Utah Grizzlies: Game One

The fight to make the circus is over, and now the battle begins in earnest. Sixteen teams, four rounds, one prize. Garrett Haar returned to the lineup for the Grizzlies, while Cam Reid and Colin Martin remained sidelined, and Kevin Boyle made his seventh straight start.

Which did not exactly begin well, as Allen scored two minutes into the first period.

But that wasn’t the end of the story.

Austen Brassard drew the first penalty of the game, as Mike Gunn took an interference call at 5:36, and just moments later, Riley Gill put the puck over the glass, sending Utah to the 5-on-3.

The Grizzlies weren’t able to capitalize on the power play, but Erik Higby made it 1-0 just after it expired, and Marc-André Lévesque struck again for good measure at 9:09 to make it 2-1. Ralph Cuddemi and Mathieu Aubin got the assists on Higby’s goal, while Lévesque’s was unassisted.

Gill took a roughing penalty against Michael Pelech, and Utah went back to the power play. Allen killed off the penalty, and Pelech took a tripping call of his own at 12:00.

Utah kept the Americans scoreless, and the Grizzlies went the other way. A shot from Jon Puskar hit Gill up high, and he left the game replaced by Jamie Murray. Pelech took another penalty with 3:57 to go.

Utah killed that penalty off as well, and Larraza and Brassard caused havoc around the Allen net.

After 20, Utah led 2-1, and outshot the Americans 11-6.

The second period began in a much more sloppy fashion, and with 15:19, Puskar and Brian Moore got into a shoving match after the whistle. No penalties were called, and Allen began to put some pressure on the Grizzlies. Fortunately, Boyle stood tall.

At 7:17, Puskar threw a shot on net, and a huge rebound came right to the stick of C.J. Eick, who made it 3-1. Unfortunately, the Americans came the other way, and made it 3-2. Allen continued to pressure, and Martin Nemcik took a holding call at 11:20.

Utah’s penalty kill remained perfect, on the penalty kill, thanks in large part to Boyle. Phil Pietroniro took a hooking call and a stick full in the face with 1:15 to go, and Travis Howe served the penalty, while Pietroniro went to the room for repairs.

At the end of forty, the Grizzlies still held the 3-2 lead, but the Americans had taken over most of the momentum and a 16-15 edge in shots.

Utah killed off the remainder of the penalty to start the third, but Allen carried most of the momentum, and at 7:28, Wade MacLeod tied the game. Howe had a terrific chance with just under eleven to go, but the Grizzlies were unable to tie it up.

Gabriel Verpaelst got involved in a scuffle with 4:29 to go, and Joel Chouinard made it 4-3.

About a minute later, Tim Daly and Alex Krushelnyski got tangled behind the Utah net, and Boyle came to Daly’s defense. Marc-André Lévesque fought Bryan Moore in the resulting chaos, and once the refs sorted everything out, Boyle got two for roughing, Krushelnyski got two for slashing, and two for cross-checking, while Lévesque and Moore got five for fighting.

With a minute to go in the game, Utah pulled Boyle, but despite a valiant effort from the Grizzlies on the 6-on-4, including one especially heartbreakingly close chance from Ralph Cuddemi, they weren’t able to tie it up. Allen seemingly scored into the empty net, but it was called off.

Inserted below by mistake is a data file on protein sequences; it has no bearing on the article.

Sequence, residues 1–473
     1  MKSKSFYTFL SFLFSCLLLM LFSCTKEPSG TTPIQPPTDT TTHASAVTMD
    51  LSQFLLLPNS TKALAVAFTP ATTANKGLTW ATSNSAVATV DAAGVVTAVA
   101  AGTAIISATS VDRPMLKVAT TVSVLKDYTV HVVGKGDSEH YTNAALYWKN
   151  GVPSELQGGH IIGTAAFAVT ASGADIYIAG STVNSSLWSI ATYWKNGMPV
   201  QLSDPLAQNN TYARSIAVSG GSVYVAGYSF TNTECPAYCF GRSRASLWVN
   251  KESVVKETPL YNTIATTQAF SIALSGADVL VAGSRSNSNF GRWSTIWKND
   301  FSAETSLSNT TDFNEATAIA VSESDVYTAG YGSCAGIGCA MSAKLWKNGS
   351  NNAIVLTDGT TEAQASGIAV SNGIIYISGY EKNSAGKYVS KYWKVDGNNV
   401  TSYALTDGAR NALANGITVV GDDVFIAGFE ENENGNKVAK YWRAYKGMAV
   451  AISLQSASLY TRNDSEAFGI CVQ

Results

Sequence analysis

So Utah dropped Game 1 4-3 after relinquishing a lead, which is certainly very frustrating, but one thing we did find out. The Grizzlies have what it takes to skate with the Americans.

Higby was named third star of the night, Cuddemi had two assists on the night, and Utah looks to tie up the series on Friday.

Image courtesy of Tim Broussard.

Utah Grizzlies: Coming in Hot

(The recap from Wednesday night’s game is coming soon! Apologies for the delay! Life caught up with me there…)

The Utah Grizzlies have returned from their most recent road, and come into the final three games of the season a perfect 5-0.

After beating Colorado twice in their own barn, and picking up a win in the first of three games against Rapid City, Utah continued to pick up steam.

Kevin Boyle once more manned the net on Friday night, and Tim Daly returned to the roster after a two game stint in the AHL.

Gabriel Verpaelst scored the game’s opening goal at 1:55 in the first for his first goal with the Grizzlies, and then Boyle held the fort as Utah struggled a little on the defensive side of things. Mathieu Aubin drew the first power play of the game with 4:37 to go in the frame as Mike Monfredo put him into the boards by the benches and was sent off for roughing. The power play was unable to capitalize, however, and after 20 minutes, Utah led 1-0 despite being outshot 8-6.

Scarcely had the second period begun than Boyle was called upon to make a pair of huge saves, but Rapid City would eventually tie it up as Ryan Walters capitalized on some more slightly sketchy defense at 5:53. However, the tie did not last very long. Michael Pelech scored his 19th of the season at 9:26, with assists from Aubin and Austen Brassard.

Pelech took a high-sticking minor about a minute later, but Terrence Wallin high-sticked Daly less than a minute after that, to negate the power play. The Grizzlies didn’t score on the four-on-four, or the ensuing (and brief) power play that followed, though Daly came painfully close.

In the end, though, it didn’t much matter, as Pelech scored his 20th from an incredibly tight angle from Pietroniro and Aubin to give Utah the 3-1 lead. With Pelech’s second goal of the night marked the third time in five games that he has picked up at least two points, and the Grizzlies now have four players who have hit the 20 goal mark.

Zac Larraza got a beautiful chance later in the period, but was robbed blind by Adam Morrison. With just 34 seconds to go in the period, Pelech got involved in a scuffle with Hunter Fejes, and they both received two minutes for unsportsmanlike conduct as the second came to an end.

After two periods, the shots were 19-18 for the Rush, and Utah held a fairly comfortable 3-1 lead.